Florida Panthers Player Krys Barch Suspended for Bananas "Racial Slur"
When reports surfaced Saturday that Florida Panthers enforcer Krys Barch was ejected from the game for using a racial slur against Montreal Canadiens player P.K. Subban, a Canadian-native with Jamaican parents, everyone just sort of assumed Barch had dropped a N-bomb or something equally vile. Barch quickly defended himself though, and claimed "it was nowhere near a racial slur nor that intent." Turns out the truth is a bit murkier -- but regardless, Barch has been suspended for one game.
The insult came toward the end of the first period after Subben got into a fight on the ice with Florida player Erik Gudbranson. Subben lost his balance, and according to unnamed sources spilling to the Miami Herald, Barch quipped something akin to asking Subben if he had "slipped on a banana peel."
To our ears at least, that would indicate that Barch is just a devotee of hackneyed pratfalls. The art of slipping on a banana peel has been a staple of physical comedy since at least 1910. Yahoo! Sports blogs Puck Daddy adds that, "a former NHLer texted us this morning to say it's 'commonly used when a guy goes down in purpose in a fight to avoid getting his ass kicked.'"
Though, Deadspin points out that the NHL has a history of bananas being used in racially insensitive displays before, specifically in Canada. Barch and Subben are both native Canadians. Two black players have had heckling fans throw banana peels at them in apparently racially-motivated displays equating blacks to monkeys. The latest such incident occurred just this past September.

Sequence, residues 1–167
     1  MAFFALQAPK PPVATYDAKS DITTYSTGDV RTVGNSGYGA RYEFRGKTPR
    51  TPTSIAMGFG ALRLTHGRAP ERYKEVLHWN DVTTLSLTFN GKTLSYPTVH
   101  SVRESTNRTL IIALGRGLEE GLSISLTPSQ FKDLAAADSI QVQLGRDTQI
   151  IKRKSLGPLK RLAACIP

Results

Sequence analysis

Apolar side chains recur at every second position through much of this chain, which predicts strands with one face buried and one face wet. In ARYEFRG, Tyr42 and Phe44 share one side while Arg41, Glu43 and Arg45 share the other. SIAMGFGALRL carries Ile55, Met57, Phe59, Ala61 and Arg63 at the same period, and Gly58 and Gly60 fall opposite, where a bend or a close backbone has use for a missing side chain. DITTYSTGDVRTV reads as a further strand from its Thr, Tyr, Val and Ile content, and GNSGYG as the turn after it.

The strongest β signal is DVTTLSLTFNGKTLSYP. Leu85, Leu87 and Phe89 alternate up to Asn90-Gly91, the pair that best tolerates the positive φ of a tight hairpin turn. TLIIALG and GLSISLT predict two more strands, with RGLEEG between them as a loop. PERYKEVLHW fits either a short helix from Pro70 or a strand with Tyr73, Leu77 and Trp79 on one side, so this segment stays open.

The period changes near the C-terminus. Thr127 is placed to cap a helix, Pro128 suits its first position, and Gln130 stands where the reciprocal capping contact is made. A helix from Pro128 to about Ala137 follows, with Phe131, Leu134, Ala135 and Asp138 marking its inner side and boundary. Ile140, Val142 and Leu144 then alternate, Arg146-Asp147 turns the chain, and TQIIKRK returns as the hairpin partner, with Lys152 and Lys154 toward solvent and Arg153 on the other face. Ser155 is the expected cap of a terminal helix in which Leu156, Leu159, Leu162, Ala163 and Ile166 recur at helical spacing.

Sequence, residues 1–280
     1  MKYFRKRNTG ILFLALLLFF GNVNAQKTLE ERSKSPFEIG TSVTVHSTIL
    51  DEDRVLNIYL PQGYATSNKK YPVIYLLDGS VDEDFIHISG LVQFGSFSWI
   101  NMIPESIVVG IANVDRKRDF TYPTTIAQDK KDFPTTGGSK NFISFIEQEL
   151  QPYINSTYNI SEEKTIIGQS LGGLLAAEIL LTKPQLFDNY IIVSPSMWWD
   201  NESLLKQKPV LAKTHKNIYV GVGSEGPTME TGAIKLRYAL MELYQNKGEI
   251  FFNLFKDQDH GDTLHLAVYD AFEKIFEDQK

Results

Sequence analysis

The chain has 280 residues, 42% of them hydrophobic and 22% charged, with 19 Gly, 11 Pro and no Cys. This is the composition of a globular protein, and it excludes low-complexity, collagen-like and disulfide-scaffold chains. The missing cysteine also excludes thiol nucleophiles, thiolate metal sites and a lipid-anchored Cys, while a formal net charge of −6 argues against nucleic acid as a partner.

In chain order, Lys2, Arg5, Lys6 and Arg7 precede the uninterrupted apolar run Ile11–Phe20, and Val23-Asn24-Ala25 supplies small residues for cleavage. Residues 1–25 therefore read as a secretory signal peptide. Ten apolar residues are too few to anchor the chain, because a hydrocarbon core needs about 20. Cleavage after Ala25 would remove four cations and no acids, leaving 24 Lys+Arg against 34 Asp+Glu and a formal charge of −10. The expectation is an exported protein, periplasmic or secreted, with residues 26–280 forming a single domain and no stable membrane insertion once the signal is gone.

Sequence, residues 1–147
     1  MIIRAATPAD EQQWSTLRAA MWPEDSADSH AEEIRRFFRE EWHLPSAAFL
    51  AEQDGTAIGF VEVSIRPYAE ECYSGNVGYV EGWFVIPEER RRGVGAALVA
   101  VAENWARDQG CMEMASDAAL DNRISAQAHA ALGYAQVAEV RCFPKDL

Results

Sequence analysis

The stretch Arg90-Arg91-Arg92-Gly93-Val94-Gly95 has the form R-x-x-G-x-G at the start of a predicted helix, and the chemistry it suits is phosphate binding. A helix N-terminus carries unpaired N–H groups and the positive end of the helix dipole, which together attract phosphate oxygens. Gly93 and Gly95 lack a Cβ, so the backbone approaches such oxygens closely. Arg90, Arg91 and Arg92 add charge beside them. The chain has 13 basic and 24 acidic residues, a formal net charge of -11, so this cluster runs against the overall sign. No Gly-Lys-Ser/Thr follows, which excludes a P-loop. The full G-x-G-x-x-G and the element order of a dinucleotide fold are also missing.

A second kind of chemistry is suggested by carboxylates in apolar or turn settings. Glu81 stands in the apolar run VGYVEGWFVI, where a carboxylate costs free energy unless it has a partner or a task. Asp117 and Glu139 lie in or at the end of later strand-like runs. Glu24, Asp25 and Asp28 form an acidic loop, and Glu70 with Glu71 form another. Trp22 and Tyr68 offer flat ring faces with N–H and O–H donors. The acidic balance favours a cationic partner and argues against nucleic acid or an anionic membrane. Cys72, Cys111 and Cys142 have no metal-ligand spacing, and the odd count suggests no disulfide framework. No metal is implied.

So, its, at the very least, understandable why someone, somewhere apparently though Barch could have been making light of such bigotry by asking Subben if he had slipped on a banana peel.
Plus, there's the fact that Barch himself said this morning that, "the things I said were pretty explicit and maybe not for kids' ears, so that's why I can't repeat it. My grandma wouldn't want to hear it, let's put it that way."
We're pretty sure that our grandmothers can handle hearing the word "banana." Perhaps his exact phrasing of the quip was a bit more vulgar than what the Herald is reporting.
Regardless, Barch and his representatives have said repeatedly that his quip wasn't racially motivated. The Panthers will not further punish Barch, and he will only sit out tonight's game versus the New York Rangers.
Get the This Week's Top Stories Newsletter
Every week we collect the latest news, music and arts stories — along with film and food reviews and the best things to do this week — so that you’ll never miss Miami New Times' biggest stories.